4 Memory Boosting Brain Exercises for Older Adults
By Julie Hayes | 06/15/2020
Most of us know that physical exercise is important to keep the body healthy and strong, but what we may not know is that our brains also benefit from exercise. Keeping our brains active and alert can often be essential to our wellbeing as we transition into older adulthood.
Even as we age, our brains are constantly growing with new neurons forming. Stimulating the brain improves its function and can protect against cognitive decline.
What are the benefits of brain exercises?
Although brain exercises are not necessarily enough to prevent the severe mental decline caused by disease, most of the common age-related losses in memory or motor skills can be a result of inactivity and a lack of mental exercise and stimulation. Minor lapses in memory can be caused by stress, lack of sleep and the natural aging process, and are not always a cause for concern. However, we can take small steps to improve our overall memory by keeping our minds stimulated.
A Mayo Clinic study showed that older adults who participated in mentally stimulating activities, such as regularly using a computer or doing crafts, were between 14 percent and 42 percent less likely to develop memory loss symptoms compared to those who didn’t, depending on the activity. A University of Michigan study has also found that adults who play at least one mentally challenging game every day over the course of several weeks could dramatically improve their memory.
Brain exercises don't take much time to accomplish and they are often fun to engage in. If we are currently spending more time at home than usual due to the COVID-19 pandemic, these exercises are also a perfect way to stay active while remaining indoors. By taking just a few minutes out of our day, we can easily make these brain games part of our routine!
1. Give your senses a daily workout
One way to keep our brains active is by heightening our five senses and keeping them sharp. We might try:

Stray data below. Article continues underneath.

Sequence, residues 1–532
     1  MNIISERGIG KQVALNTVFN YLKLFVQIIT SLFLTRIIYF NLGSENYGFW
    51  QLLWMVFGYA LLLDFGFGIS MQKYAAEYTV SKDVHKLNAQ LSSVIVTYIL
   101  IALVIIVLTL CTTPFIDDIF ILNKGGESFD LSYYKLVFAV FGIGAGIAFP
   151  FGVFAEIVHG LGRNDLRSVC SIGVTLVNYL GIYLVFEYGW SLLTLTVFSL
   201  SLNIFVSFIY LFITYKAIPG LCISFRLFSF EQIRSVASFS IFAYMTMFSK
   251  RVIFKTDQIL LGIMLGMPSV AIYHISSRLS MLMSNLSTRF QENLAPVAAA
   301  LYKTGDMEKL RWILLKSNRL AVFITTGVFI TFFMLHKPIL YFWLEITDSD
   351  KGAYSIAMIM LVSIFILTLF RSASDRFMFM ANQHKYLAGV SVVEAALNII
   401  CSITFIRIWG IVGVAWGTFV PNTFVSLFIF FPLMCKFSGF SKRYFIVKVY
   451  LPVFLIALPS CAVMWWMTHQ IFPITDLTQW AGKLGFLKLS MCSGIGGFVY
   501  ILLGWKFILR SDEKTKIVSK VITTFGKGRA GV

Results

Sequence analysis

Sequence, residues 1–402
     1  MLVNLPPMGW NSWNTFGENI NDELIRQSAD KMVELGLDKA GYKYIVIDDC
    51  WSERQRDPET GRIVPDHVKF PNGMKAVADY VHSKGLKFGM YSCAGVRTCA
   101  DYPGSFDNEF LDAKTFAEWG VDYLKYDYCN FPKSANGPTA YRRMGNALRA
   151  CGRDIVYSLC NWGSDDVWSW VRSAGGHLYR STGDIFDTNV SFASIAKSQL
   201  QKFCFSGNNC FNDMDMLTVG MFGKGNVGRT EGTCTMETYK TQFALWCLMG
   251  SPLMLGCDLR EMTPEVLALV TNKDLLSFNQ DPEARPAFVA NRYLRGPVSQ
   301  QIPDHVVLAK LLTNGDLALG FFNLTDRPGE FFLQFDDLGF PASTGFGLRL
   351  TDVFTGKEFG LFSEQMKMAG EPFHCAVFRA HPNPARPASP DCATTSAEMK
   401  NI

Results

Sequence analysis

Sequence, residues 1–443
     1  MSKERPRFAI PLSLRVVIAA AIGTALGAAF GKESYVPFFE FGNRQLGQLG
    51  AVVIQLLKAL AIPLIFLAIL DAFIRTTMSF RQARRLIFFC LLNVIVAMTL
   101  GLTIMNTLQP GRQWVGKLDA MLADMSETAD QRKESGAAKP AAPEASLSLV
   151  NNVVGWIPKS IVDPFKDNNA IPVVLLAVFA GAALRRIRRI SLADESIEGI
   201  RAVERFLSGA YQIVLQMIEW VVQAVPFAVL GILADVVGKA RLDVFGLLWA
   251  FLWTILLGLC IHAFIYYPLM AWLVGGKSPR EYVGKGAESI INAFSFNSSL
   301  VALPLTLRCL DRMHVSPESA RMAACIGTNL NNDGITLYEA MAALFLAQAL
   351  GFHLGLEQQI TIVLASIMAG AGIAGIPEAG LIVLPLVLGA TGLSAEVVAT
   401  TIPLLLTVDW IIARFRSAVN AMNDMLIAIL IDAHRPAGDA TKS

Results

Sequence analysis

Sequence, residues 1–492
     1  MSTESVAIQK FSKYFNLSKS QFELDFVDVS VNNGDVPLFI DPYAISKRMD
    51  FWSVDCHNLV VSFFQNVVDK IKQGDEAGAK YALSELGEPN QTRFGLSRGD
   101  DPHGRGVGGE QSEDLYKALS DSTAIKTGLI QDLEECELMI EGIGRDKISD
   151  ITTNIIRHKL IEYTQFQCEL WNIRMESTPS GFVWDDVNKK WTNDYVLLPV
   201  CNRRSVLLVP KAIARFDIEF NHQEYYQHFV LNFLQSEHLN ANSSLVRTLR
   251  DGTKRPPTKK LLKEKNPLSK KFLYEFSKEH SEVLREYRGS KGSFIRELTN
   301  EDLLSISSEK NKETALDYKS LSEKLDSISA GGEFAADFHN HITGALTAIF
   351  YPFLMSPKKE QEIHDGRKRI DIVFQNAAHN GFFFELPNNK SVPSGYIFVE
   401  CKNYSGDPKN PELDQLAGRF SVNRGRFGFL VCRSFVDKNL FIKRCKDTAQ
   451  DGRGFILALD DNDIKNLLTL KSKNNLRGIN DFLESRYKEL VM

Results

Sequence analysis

- Listening to the background instruments of a song rather than the vocalist.
- People watching.
- Playing a quick game of charades to act out different things without using words.
- Attempting to identify different scents in our surroundings.
- Slowly eating a piece of fruit or chocolate to savor the flavors.
We can also try combining two senses by:
- Listening to music while smelling flowers.
- Listening to the rain while tapping our fingers.
- Watching clouds while playing with modeling clay.
2. Play games
We can enjoy ourselves and challenge our minds at the same time by:
- Completing the crossword puzzle or sudoku in the daily newspaper
- Playing a game of solitaire with a deck of cards or on the computer
- Challenging ourselves to solve the puzzles faster than the contestants when watching TV game shows like Wheel of Fortune.
There are thousands of free games available on websites and smartphones that can help keep us mentally engaged, and inexpensive puzzle books are available at most discount and dollar stores. We can also make use of the time spent waiting in a doctor's office by playing games to stimulate our brain.
3. Break routines
We can flex our mental muscle by breaking a routine. If we’ve been spending a lot of time at home recently because of stay at home orders or social distancing due to the COVID-19 pandemic, we may have gotten into a rhythm of doing certain activities day by day. Shaking that up can reenergize us. We can switch home workout routines, try eating with the opposite hand or spend the day without using the internet or TV. All of these activities will force us to think differently.
4. Challenge new experiences
We can also stimulate our brains by trying something new. We might start by looking up online classes that make it even easier for us to take up a new hobby or give something we’ve always wanted to learn a try, such as dancing, sewing or making crafts. If we’re staying at home with another person, we can ask them to teach us about one of their hobbies. Many locations offer free virtual tours throughout the year, and during the COVID-19 pandemic, more and more locations are following suit. Taking advantage of these options can give us a way to visit places we’ve never seen before and learn new things.